JOINT STATEMENT BY THE KURDISH COMMUNITY OF THE UK

30 May 2014

KURDS FOR AN INDEPENDENT SCOTLAND

On 18 September 2014, the Scottish people have an opportunity to determine their own future as an independent country in a free vote. The choice that they make in this independence referendum will influence the lives of future generations. Furthermore, the result will have a profound impact on the fortunes of peoples throughout the world – the Kurds included – who hold similar aspirations to take greater control of their own lives and who are seeking to determine their own futures.

At stake are not borders, national flags or emblems, but whether free people have the right to decide their own futures in a democratic state. It is for this reason that the Kurds will be watching closely the vitally important developments unfolding in Scotland over the next few mon

Farage doesn't speak for meWell, that was a disappointment, wasn’t it? Of course I’m talking about UKIP’s acquisition of a Scottish seat in the European Parliament. A UKIP-free Scotland would have been a nice badge for us. Maybe some tactical voting could have done it.

But forcing UKIP just below the threshold they needed was never much of a badge to aim for. We should have trounced and humiliated them and stripped them of their deposits. It isn’t a terrific surprise that we failed. In view of the assistance that UKIP received from the media, the real surprise is that they didn’t walk off with a brace of Scottish seats.

The late Screaming Lord Sutch of the Official Monster Raving Loony Party could probably have secured a Strasbourg seat if the media had treated him with the seriousness they showed towards Nigel Farage. He would certainly have done a much better job than David Coburn, our new UKIP MEP, is likely to do.

UKIP is not a party of eccentrics or a protest party. It is a racist party. Some of the people who voted for UKIP might not see themselves as racist. But they must have noticed the anti-immigrant message on UKIP posters and leaflets.  They must have either agreed with the message or thought it unimportant

Close Guantanamo, Edinburgh, January 2007A year ago today, President Obama launched the most recent of his initiatives to close Guantánamo. He was speaking at the National Defense University at Fort McNair, Washington DC. It was an awkward moment for a major defence policy speech.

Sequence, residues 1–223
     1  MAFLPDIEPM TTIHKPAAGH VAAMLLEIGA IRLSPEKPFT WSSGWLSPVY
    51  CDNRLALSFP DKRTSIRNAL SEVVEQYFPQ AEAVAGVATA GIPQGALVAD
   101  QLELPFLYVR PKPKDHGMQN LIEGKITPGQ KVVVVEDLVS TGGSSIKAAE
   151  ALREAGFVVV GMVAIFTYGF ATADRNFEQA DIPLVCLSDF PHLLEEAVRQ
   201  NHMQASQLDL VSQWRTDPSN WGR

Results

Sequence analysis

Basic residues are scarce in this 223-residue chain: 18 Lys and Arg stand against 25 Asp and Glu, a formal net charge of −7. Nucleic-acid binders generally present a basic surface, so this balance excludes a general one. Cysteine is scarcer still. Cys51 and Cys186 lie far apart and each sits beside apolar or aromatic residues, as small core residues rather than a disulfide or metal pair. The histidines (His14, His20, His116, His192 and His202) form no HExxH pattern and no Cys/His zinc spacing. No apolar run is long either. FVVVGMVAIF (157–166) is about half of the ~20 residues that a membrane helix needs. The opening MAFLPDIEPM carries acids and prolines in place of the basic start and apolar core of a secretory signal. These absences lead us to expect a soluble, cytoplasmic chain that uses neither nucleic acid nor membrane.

Drone strikes had put a strain on US relations with Pakistan. For nearly 6 weeks, the US had been observing an undeclared drone ceasefire in Pakistan, apparently out of respect for the elections there. The end of the ceasefire was less than a week away. At Guantánamo, the prisoners’ hunger strike was at a peak and had received a good deal of media attention. So a careful speech was needed, combining robust defence of US policy with a convincing acknowledgement of the suffering that it created.

Barack Obama’s speech was a good one, in its way. The kind of speech that a patriotic but idealistic student might have delivered in a debate at an Ivy League university.

Maybe Obama’s speechwriters don’t spend too much time talking to his policy advisers

Johann Lamont, Scottish Labour Conference 2014

In honour of Johann Lamont, leader of the Scottish Labour Party, and with apologies to David Bowie, who seems for the moment to be suffering from a touch of Leader Jo syndrome himself

“My party is blue and there’s nothing I can do”

Ground control to Leader Jo Ground control to Leader Jo Take your prozac pills and put your helmet on Ground control to Leader Jo Commencing countdown, mikes are on Check the levels and may Ed's love be with you

Lockerbie disaster memorial (Lockerbie cemetery)

The 25th anniversary of the Lockerbie bombing is prompting renewed  interest in who – or perhaps who else besides Abdelbaset al Megrahi – could have been responsible for the crime. Some of this may turn out to be  important. But irrespective of any leads pointing to other suspects, it’s time to recognise that Megrahi cannot reasonably be held to be guilty.

Scotland’s Lord Advocate Frank Mulholland says he welcomes the recent announcement that Libya has appointed two prosecutors to work with the Scottish and US authorities over the bombing.

They will be seeking to establish whether there are people in Libya who could be brought to trial in connection with the bombing of Pan Am Flight 103 over Lockerbie on 21 December 1988. Libyan citizen Abdelbaset al Megrahi, who died last year, is the only person to have so far been convicted for the attack.

The bombing cost the lives of all of the 259 people on board the aircraft and 11 people from the town of Lockerbie. It was, and remains, by far the deadliest act of terrorism ever to have occurred in the UK.

The problem with the ongoing Scottish investigation into the bombing  is that it is built on a legal fiction. Megrahi was convicted in 2001 by three judges sitting in a specially built court operating under Scots law at Camp Zeist in the Netherlands. He should not have been found guilty on the evidence presented to the court